Building systems for the future

Supervisory tool testing at Nimule Hospital, South Sudan

Mo has just returned from South Sudan, where he was working with the Liverpool School of Tropical Medicine and the Health Information Systems Programme to support the Ministry of Health (MoH) in exploring the next generation of health systems. During the visit he explored three types of system; hospital information systems, the District Health Information Software 2 and supervisory tools for health facilities.

South Sudan’s primary healthcare Heath Management Information System (HMIS) is well established across the country, functioning very well hand-in-hand with international fund managers such as the Health Pooled Fund. This success has taken some years to accomplish under the stewardship of the MoH, as a phased approach has been taken. The system has been resilient to the recent crisis due to the skills of the South Sudanese staff involved across the country.

The team looked at expanding the HMIS to include hospital information systems. Pilot tools had been circulated to hospitals in July and Mo visited the three pilot sites to see how they were getting on: Nimule Hospital supported by Save the Children, El Sabah Children’s Hospital and Wau Teaching Hospital. The paper-based tools had been implemented successfully across all pilot sites and the hospital staff suggested a number of revisions to make them work even more effectively. The visits allowed one-to-one mentoring and troubleshooting that would not have been possible in a workshop.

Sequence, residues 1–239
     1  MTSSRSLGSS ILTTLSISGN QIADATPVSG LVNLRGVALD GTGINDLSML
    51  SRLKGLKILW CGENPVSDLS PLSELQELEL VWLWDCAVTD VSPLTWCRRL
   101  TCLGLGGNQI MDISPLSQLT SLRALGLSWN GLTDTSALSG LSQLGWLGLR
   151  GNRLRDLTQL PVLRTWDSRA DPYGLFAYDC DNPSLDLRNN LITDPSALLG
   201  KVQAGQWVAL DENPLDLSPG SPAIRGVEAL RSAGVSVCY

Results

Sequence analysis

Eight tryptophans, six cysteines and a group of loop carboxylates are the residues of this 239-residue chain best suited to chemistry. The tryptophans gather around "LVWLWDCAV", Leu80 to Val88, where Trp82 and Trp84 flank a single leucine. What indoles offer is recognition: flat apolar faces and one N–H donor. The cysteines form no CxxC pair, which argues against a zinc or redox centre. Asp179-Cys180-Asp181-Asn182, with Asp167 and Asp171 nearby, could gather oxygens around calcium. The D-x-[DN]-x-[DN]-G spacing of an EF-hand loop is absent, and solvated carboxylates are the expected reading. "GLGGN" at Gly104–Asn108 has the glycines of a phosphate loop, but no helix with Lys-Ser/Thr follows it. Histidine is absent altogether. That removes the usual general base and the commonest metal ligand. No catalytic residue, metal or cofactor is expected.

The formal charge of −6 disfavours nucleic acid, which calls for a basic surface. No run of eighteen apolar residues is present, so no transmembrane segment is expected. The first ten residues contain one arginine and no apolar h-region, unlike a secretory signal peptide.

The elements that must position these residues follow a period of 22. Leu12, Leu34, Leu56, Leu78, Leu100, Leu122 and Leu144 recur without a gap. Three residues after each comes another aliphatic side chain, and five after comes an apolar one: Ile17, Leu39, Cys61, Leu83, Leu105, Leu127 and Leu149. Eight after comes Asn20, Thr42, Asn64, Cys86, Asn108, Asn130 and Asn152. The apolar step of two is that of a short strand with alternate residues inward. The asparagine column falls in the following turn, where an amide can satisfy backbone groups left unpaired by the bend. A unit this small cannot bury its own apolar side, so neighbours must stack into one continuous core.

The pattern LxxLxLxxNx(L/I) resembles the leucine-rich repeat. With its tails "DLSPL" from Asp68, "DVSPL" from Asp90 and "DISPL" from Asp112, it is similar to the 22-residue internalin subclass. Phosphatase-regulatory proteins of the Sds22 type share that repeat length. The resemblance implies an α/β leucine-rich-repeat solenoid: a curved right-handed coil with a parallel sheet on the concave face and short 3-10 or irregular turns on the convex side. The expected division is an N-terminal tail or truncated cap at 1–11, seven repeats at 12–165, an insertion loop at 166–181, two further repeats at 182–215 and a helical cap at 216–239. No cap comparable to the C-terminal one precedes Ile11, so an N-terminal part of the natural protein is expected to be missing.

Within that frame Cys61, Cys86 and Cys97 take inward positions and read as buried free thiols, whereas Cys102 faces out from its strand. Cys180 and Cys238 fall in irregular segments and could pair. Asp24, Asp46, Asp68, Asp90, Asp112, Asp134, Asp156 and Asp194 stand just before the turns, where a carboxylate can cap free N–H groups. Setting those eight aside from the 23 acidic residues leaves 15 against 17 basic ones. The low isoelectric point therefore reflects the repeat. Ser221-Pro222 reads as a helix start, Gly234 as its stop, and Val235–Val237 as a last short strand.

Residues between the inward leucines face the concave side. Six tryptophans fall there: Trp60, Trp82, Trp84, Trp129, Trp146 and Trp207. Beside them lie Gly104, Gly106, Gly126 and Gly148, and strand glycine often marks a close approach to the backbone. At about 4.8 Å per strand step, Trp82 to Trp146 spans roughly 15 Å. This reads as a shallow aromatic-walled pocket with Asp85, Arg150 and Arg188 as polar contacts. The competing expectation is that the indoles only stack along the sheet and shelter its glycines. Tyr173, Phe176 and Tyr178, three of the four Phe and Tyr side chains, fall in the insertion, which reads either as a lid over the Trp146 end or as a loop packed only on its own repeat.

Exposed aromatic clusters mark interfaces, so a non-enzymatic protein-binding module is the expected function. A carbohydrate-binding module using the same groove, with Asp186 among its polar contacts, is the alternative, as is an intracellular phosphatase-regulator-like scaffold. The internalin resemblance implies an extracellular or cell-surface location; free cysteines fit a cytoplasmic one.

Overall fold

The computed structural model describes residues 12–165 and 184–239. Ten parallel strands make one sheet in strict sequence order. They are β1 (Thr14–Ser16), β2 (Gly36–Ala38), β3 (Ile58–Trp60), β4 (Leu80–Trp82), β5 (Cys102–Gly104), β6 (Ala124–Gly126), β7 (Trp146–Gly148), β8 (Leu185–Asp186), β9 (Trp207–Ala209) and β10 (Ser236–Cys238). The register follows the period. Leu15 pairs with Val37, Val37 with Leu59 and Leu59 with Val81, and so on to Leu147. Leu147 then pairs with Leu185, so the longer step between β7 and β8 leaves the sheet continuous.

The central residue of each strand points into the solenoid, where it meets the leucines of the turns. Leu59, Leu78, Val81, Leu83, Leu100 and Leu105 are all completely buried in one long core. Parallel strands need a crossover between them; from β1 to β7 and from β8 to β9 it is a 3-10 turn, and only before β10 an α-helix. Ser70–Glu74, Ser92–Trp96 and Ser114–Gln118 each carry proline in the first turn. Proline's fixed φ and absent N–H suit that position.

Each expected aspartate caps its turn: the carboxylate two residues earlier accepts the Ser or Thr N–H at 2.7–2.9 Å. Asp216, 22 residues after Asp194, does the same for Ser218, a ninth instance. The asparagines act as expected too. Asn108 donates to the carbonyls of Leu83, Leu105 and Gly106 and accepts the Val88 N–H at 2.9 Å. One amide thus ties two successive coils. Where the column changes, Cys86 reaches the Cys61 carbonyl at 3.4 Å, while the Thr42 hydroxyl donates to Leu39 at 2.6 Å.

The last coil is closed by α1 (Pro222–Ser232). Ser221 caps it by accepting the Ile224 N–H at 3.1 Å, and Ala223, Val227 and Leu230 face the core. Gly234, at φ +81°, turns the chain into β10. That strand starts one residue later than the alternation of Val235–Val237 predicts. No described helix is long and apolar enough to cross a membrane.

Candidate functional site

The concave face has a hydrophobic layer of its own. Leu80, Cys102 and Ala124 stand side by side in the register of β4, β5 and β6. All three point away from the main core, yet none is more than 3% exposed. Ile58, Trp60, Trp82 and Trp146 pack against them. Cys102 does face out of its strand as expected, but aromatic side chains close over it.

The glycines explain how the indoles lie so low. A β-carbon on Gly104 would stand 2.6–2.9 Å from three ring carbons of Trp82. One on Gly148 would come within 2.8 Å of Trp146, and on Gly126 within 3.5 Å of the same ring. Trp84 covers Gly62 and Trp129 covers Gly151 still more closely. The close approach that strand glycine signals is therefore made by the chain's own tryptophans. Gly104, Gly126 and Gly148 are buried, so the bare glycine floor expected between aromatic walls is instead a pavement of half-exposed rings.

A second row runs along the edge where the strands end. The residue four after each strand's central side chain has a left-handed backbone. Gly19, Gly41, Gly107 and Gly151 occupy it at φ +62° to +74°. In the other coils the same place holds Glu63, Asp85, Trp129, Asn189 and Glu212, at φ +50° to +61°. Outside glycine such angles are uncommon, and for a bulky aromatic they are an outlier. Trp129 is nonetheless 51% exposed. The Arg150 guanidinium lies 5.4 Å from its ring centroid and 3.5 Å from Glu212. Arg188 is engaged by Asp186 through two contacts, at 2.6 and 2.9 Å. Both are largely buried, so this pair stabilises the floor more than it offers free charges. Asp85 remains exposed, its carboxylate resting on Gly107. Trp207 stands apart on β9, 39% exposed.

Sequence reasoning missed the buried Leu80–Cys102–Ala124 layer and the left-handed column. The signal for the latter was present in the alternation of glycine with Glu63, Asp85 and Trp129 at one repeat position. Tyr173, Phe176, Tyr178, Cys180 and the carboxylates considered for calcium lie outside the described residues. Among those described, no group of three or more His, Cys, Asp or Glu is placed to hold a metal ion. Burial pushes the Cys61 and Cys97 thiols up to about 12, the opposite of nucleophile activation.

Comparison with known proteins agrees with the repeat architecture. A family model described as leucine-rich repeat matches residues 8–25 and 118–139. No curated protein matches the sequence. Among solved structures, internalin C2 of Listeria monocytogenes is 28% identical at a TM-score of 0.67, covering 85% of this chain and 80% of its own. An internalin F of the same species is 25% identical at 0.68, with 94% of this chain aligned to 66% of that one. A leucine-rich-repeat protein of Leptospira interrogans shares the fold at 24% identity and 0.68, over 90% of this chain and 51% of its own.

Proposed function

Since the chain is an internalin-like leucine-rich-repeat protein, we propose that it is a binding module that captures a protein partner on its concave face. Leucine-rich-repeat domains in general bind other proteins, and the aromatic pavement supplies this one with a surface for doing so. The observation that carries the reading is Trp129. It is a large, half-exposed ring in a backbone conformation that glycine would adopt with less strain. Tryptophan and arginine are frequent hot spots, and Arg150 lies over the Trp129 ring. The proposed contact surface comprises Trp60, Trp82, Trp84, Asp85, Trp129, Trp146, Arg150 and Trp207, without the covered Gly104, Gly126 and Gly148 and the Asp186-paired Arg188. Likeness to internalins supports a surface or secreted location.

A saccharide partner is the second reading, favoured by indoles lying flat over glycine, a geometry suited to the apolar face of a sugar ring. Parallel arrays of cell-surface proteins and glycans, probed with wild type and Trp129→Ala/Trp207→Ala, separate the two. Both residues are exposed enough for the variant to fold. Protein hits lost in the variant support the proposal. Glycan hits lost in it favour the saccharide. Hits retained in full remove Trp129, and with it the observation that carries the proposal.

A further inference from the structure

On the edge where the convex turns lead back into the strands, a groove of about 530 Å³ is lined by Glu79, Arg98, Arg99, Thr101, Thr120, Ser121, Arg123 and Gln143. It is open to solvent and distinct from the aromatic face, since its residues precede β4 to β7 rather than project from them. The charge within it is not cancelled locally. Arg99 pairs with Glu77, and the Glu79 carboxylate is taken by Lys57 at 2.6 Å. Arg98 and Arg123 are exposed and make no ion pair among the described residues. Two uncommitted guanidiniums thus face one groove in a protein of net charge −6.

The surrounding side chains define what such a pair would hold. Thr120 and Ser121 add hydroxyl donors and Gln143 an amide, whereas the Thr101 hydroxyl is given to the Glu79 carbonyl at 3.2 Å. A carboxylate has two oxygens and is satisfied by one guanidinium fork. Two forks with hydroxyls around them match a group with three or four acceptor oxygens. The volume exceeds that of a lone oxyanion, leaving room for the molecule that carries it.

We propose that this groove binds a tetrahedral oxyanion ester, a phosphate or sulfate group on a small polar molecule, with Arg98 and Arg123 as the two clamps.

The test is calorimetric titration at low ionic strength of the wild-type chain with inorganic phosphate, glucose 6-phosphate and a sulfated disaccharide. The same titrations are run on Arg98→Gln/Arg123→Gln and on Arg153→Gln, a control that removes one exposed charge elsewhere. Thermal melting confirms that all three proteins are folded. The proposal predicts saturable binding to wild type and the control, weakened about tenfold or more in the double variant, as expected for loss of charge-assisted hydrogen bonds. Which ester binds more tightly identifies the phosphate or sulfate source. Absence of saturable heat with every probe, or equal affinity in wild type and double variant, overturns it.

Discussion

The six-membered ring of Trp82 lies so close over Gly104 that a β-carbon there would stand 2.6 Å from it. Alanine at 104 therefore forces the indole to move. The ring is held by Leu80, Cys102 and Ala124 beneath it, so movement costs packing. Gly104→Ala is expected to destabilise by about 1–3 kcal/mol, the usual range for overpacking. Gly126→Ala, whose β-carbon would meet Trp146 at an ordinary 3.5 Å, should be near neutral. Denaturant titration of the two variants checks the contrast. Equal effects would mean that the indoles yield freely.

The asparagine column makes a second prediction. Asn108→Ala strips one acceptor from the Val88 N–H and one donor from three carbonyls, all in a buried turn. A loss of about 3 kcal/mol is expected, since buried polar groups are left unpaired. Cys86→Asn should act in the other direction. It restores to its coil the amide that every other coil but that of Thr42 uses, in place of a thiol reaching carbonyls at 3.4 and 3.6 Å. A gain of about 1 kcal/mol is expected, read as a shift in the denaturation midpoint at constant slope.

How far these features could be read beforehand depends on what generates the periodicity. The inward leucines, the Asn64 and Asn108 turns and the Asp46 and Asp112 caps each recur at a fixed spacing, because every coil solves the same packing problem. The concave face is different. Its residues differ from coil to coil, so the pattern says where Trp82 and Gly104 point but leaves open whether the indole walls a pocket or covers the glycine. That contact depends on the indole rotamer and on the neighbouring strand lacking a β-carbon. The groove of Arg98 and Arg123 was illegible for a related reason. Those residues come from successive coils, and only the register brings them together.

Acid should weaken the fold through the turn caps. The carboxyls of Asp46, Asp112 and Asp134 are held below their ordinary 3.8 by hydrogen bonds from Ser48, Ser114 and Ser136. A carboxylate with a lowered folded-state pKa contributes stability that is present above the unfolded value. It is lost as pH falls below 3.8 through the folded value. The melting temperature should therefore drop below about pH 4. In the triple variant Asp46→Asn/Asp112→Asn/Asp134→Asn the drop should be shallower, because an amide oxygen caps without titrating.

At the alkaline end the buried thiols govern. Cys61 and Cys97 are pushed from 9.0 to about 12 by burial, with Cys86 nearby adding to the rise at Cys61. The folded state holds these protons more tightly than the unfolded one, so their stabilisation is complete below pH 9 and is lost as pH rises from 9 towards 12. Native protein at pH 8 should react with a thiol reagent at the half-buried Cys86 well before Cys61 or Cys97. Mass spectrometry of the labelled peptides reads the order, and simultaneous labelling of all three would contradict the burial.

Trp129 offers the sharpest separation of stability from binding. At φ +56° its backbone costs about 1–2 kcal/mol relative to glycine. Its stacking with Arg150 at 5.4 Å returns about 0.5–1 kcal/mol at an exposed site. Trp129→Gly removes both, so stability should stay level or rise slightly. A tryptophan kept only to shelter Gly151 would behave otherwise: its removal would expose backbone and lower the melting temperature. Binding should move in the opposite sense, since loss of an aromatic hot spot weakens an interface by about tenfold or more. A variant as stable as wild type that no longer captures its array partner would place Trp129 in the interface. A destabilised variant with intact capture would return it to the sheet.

Mo, with technical support from HISP organised the first DHIS 2 training course in South Sudan, for advanced local users. The course provided a platform for participants to learn the basics of the system and to start discussions on system implementation.

The visit also explored improvements to the MoH supervisory tool and associated guideline, which will be disseminated later this year. The revision aimed to focus the tool on providing a minimum benchmark for all facilities, as well as making the guideline more interactive. The current supervision checklist can be found here.